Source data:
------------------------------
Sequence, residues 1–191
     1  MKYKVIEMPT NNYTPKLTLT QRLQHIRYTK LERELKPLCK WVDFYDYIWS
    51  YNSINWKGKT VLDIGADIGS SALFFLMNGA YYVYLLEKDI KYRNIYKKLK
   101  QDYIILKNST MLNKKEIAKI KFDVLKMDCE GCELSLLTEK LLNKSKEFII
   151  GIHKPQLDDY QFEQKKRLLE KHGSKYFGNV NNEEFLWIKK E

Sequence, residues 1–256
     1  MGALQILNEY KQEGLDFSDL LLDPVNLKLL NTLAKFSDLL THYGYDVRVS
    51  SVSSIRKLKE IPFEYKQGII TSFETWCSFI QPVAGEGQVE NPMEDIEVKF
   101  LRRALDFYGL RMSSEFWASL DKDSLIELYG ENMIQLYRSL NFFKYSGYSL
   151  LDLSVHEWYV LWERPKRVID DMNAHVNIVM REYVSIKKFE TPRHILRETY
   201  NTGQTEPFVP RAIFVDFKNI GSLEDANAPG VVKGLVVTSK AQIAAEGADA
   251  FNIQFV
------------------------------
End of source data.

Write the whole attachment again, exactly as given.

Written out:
Sequence, residues 1–191
     1  MKYKVIEMPT NNYTPKLTLT QRLQHIRYTK LERELKPLCK WVDFYDYIWS
    51  YNSINWKGKT VLDIGADIGS SALFFLMNGA YYVYLLEKDI KYRNIYKKLK
   101  QDYIILKNST MLNKKEIAKI KFDVLKMDCE GCELSLLTEK LLNKSKEFII
   151  GIHKPQLDDY QFEQKKRLLE KHGSKYFGNV NNEEFLWIKK E

Sequence, residues 1–256
     1  MGALQILNEY KQEGLDFSDL LLDPVNLKLL NTLAKFSDLL THYGYDVRVS
    51  SVSSIRKLKE IPFEYKQGII TSFETWCSFI QPVAGEGQVE NPMEDIEVKF
   101  LRRALDFYGL RMSSEFWASL DKDSLIELYG ENMIQLYRSL NFFKYSGYSL
   151  LDLSVHEWYV LWERPKRVID DMNAHVNIVM REYVSIKKFE TPRHILRETY
   201  NTGQTEPFVP RAIFVDFKNI GSLEDANAPG VVKGLVVTSK AQIAAEGADA
   251  FNIQFV